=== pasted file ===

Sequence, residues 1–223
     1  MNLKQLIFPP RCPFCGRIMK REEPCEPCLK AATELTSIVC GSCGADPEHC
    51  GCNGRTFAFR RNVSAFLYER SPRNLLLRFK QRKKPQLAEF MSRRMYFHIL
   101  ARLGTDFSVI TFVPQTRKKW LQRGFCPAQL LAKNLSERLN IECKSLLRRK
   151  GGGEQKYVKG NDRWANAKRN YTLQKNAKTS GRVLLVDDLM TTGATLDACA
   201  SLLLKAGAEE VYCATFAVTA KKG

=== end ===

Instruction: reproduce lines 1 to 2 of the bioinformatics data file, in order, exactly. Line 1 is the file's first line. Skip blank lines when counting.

Sequence, residues 1–223
     1  MNLKQLIFPP RCPFCGRIMK REEPCEPCLK AATELTSIVC GSCGADPEHC